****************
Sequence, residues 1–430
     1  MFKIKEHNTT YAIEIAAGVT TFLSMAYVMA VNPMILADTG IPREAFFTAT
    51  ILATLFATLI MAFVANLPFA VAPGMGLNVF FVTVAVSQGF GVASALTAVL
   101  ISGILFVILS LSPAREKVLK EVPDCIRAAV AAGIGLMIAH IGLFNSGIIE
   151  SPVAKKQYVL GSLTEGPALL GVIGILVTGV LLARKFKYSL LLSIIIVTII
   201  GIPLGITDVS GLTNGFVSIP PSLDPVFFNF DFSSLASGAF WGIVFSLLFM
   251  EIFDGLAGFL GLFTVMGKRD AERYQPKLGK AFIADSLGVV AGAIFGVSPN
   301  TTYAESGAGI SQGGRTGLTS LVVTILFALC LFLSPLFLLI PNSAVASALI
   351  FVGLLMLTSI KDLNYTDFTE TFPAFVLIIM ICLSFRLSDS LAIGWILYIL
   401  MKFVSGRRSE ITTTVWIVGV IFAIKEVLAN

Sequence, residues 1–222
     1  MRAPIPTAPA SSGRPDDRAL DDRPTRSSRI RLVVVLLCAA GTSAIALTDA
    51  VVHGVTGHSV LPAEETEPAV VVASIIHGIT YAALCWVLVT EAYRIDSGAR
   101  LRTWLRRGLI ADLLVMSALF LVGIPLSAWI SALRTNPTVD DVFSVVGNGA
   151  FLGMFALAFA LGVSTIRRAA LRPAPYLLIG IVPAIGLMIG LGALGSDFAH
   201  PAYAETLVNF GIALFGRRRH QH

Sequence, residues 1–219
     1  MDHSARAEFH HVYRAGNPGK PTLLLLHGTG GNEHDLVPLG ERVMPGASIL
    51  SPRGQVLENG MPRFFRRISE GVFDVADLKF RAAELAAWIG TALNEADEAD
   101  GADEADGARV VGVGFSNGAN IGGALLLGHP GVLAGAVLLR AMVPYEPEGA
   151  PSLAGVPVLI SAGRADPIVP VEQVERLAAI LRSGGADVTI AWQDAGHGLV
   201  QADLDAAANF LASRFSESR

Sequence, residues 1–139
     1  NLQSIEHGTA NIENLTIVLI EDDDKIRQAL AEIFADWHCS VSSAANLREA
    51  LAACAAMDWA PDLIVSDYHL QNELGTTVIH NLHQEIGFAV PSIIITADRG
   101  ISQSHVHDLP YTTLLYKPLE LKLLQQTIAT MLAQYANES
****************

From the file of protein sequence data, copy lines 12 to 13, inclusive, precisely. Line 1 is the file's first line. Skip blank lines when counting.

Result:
     1  MRAPIPTAPA SSGRPDDRAL DDRPTRSSRI RLVVVLLCAA GTSAIALTDA
    51  VVHGVTGHSV LPAEETEPAV VVASIIHGIT YAALCWVLVT EAYRIDSGAR